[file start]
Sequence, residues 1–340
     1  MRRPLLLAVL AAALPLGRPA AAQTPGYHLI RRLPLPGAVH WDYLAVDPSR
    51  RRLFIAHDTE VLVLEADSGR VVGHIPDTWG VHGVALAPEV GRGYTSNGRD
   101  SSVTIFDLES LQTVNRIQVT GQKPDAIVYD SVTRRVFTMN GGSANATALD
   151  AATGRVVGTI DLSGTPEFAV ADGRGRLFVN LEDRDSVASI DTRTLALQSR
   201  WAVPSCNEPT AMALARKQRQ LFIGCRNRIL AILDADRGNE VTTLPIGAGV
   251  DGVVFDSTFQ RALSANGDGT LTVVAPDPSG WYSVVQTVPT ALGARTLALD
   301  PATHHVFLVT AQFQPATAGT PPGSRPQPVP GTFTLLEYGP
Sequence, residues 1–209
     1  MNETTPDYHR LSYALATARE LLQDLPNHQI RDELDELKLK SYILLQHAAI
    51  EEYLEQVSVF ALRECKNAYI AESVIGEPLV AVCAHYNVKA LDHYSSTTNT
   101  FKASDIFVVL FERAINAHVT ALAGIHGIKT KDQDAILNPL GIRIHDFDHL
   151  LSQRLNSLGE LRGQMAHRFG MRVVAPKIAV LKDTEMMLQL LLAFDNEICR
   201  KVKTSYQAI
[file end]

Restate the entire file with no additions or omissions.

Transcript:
Sequence, residues 1–340
     1  MRRPLLLAVL AAALPLGRPA AAQTPGYHLI RRLPLPGAVH WDYLAVDPSR
    51  RRLFIAHDTE VLVLEADSGR VVGHIPDTWG VHGVALAPEV GRGYTSNGRD
   101  SSVTIFDLES LQTVNRIQVT GQKPDAIVYD SVTRRVFTMN GGSANATALD
   151  AATGRVVGTI DLSGTPEFAV ADGRGRLFVN LEDRDSVASI DTRTLALQSR
   201  WAVPSCNEPT AMALARKQRQ LFIGCRNRIL AILDADRGNE VTTLPIGAGV
   251  DGVVFDSTFQ RALSANGDGT LTVVAPDPSG WYSVVQTVPT ALGARTLALD
   301  PATHHVFLVT AQFQPATAGT PPGSRPQPVP GTFTLLEYGP
Sequence, residues 1–209
     1  MNETTPDYHR LSYALATARE LLQDLPNHQI RDELDELKLK SYILLQHAAI
    51  EEYLEQVSVF ALRECKNAYI AESVIGEPLV AVCAHYNVKA LDHYSSTTNT
   101  FKASDIFVVL FERAINAHVT ALAGIHGIKT KDQDAILNPL GIRIHDFDHL
   151  LSQRLNSLGE LRGQMAHRFG MRVVAPKIAV LKDTEMMLQL LLAFDNEICR
   201  KVKTSYQAI